Bike Rack Theft Protection — Here’s What You Should Know!

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We got a hitch bike rack the other day, but I’m unsure how to protect it against theft. I mean, we are not possibly going to guard hitch bike racks the whole day. So, what’s the plan?

These are some of the thoughts and words I sincerely hoped people with bike racks would blurt out. Apparently, in a recent study, there is an almost 28% increase in bike theft in New York City alone. That’s why hitch bike rack theft protection is all the more critical.

You’re still wrapping your head around the stats, isn’t it? I mean, unbelievable numbers! Especially with the rise of technology. Most of them have been stolen while they were unattended by their owners. Some of the common scenarios may include:

  • Traffic signals. It’s fascinating how fast they could be. Unfortunately, people don’t seem to notice due to the busyness of the road, and that’s how they get away with their theft.
  • You can take a break from driving for a few minutes in retail stores, gas stations, parking lots, and places anywhere. Of course, parks or any hanging spots can be a target too.
  • If you have a yard or garage near your home, there is a chance the thief might steal your bike racks while you are busy packing stuff for the trip.

Sadly, while the police are trying their best to retrieve the bikes, only a handful of bikes have been rescued among thousands.

Again, biking is a popular phenomenon today. I’m not surprised with the statistics anymore:

More bikes + Less theft awareness = More thefts

I’ve researched this, and it is still tough to completely secure your bike if you leave it unattended. Yet, according to bike scientists, there are some convincing tricks to help you save yourself from the damage. 

In this article, you will learn just about that.

What I Did to Ensure Bike Racks are Secure?

Bike Rack Theft Protection

The golden rule of protecting your bike from getting stolen is actually none. The cleverest idea I read on the internet was from Quora. He tried to convince me that if I tangled the ropes or body of the lock enough, the thief would be too tired to detangle and, thus, would finally leave it alone.

As much as I wanted to hate the idea, it did make sense at some point. Detangling is actually tiring, and thieves get minimal time to do the work. The only problem is that the thief might cut the body instead of detangling it, which would end our plan to save our precious bike.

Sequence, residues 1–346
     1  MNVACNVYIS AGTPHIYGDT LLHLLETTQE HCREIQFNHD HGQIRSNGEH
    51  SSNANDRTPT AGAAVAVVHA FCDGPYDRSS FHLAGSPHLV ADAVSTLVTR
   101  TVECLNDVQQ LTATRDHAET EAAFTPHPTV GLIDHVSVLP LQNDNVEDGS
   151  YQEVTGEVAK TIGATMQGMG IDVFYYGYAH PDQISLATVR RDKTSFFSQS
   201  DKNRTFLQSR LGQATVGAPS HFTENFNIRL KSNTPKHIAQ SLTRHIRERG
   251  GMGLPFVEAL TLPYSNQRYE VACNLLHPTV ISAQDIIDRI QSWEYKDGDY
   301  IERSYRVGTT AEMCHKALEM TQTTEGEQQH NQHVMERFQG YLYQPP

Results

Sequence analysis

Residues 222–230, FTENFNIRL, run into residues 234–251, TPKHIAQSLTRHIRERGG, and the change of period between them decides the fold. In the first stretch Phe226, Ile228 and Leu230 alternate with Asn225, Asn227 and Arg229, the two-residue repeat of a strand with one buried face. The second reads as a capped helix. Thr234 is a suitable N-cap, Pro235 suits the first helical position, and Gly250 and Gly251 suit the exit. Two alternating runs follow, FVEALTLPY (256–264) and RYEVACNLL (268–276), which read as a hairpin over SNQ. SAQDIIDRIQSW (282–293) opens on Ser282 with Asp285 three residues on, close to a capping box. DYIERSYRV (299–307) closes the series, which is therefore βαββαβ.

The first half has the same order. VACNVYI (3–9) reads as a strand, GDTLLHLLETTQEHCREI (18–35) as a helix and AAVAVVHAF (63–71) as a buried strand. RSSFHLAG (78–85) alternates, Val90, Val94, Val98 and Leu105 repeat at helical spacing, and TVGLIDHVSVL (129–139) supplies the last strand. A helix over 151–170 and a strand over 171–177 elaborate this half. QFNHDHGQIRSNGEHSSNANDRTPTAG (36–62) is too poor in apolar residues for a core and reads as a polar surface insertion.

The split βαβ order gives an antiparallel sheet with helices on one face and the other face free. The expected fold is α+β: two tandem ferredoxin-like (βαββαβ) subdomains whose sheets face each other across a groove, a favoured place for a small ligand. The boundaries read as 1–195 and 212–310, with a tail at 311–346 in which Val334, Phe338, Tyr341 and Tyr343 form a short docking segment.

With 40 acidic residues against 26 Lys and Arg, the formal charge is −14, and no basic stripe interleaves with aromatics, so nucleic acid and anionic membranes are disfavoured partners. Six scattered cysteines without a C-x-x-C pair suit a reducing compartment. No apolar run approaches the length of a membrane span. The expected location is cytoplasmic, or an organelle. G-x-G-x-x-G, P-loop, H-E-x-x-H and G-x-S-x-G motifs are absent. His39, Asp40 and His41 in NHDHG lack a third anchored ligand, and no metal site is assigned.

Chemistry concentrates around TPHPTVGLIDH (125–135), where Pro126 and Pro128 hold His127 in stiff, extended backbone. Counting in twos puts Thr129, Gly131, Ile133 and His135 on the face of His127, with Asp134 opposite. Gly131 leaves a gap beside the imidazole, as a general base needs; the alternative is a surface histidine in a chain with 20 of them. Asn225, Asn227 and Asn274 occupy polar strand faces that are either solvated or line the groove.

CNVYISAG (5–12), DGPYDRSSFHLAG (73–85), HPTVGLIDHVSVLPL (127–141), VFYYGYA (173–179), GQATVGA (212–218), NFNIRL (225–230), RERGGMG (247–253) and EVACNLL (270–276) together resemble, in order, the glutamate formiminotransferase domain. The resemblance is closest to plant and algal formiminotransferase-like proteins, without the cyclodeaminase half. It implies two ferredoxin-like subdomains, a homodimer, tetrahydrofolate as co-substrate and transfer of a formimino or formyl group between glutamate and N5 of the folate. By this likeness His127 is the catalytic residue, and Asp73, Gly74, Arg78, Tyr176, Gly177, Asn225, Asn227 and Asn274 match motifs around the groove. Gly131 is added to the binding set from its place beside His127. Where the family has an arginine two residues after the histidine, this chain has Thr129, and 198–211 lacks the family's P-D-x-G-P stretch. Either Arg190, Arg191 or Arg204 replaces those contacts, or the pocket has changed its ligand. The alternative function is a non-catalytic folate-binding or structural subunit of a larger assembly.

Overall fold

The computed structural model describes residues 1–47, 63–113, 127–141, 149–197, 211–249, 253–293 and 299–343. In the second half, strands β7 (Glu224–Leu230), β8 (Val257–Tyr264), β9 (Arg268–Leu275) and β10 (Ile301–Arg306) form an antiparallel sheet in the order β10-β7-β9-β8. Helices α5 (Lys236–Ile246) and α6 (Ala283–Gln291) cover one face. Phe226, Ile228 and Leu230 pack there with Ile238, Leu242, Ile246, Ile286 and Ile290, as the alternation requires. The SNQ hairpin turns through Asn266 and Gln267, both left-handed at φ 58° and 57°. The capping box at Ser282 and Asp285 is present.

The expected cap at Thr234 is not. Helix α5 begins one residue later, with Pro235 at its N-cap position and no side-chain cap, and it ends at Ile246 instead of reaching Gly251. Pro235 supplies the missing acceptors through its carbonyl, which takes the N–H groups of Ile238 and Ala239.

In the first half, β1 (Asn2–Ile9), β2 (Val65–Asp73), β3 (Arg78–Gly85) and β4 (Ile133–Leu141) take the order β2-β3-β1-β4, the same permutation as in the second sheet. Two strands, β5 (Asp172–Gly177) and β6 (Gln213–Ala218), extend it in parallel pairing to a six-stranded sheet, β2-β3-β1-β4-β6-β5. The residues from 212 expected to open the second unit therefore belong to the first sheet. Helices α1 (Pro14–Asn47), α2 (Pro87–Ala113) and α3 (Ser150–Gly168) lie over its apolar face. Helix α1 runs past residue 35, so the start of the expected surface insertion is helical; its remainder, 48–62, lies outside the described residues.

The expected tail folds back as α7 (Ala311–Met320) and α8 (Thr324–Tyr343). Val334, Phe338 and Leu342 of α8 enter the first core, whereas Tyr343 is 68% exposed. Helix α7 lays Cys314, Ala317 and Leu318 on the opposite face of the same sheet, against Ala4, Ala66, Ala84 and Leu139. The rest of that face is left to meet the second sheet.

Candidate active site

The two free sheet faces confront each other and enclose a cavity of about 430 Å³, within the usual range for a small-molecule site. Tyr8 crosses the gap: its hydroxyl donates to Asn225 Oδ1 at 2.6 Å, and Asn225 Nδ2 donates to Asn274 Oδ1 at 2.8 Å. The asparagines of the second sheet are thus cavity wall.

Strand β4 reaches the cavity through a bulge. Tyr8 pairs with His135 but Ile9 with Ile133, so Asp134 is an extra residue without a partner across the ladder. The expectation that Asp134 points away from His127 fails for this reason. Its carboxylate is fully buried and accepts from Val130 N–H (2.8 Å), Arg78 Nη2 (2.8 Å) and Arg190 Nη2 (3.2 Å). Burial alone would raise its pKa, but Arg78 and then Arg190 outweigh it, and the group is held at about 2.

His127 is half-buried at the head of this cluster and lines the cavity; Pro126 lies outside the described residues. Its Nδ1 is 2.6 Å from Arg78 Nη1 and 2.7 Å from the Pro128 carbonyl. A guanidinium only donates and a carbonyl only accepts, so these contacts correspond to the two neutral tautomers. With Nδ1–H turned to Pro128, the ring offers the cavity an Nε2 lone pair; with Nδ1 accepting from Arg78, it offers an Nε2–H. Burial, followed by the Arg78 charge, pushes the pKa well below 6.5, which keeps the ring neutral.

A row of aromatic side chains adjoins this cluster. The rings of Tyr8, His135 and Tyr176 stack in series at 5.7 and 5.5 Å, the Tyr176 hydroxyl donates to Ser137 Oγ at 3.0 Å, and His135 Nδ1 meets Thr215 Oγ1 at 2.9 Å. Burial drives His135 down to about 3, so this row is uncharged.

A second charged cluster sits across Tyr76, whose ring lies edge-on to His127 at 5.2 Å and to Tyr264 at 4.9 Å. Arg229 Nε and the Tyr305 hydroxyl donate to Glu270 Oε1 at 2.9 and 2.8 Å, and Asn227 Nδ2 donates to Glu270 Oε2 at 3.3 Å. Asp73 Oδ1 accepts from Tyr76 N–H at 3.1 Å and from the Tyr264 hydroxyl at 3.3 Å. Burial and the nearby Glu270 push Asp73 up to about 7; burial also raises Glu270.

I started searching for stronger straps that are not easy to cut or to even pierce. 

Fortunately enough, I found tons of them relatable, and they made it into our list of today’s best locks for bike racks. Keep reading to know more about them.

Theft Protection for a Roof Rack

It’s funny how, even though the roof rack is the most difficult one to pull off, it doesn’t apply to thieves. Yet, funnily enough, it is said to be the hardest to get stolen.

My logic says it’s hard to carry your bike up there, so it’ll be challenging for the thief to pull it down. But again, the roof one catches the people’s eye, and expert hands know no limit.

So, I made my choice and methods carefully for this one.

If you want a built-in lock or lock, Thule Upride has a built-in lock system recommended for people who want both a bike rack and a lock in one place.

The system allows you to lock your vehicle to the bike rack and the bike rack to the roof of your car. The lock is pretty decent, it comes from the bike rack, and you have to secure the frame and lock it by tangling the cable.

As per users, this system is not well-perceived, and sometimes the system becomes gritty due to continuous usage. In addition, the cable is said to be soft, which means it can be cut easily by thieves. That’s one drawback here.

But these are different with different models. You need to do your own research. Apart from that, I found that D locks and U locks are the best for these types for racks.

This is for the people who do not have separate locks yet and do not have built-in locks with their bike racks. D or U locks are the same in shape and size, so you can just grab one and get away with it.

The cord or the cable is very thick, unlike the wire ones, so you can rest assured that no one can cut through these cables. You will have to lock the frame with the rack with this stern cable. The lock is firm, too, so it’s a great deal overall.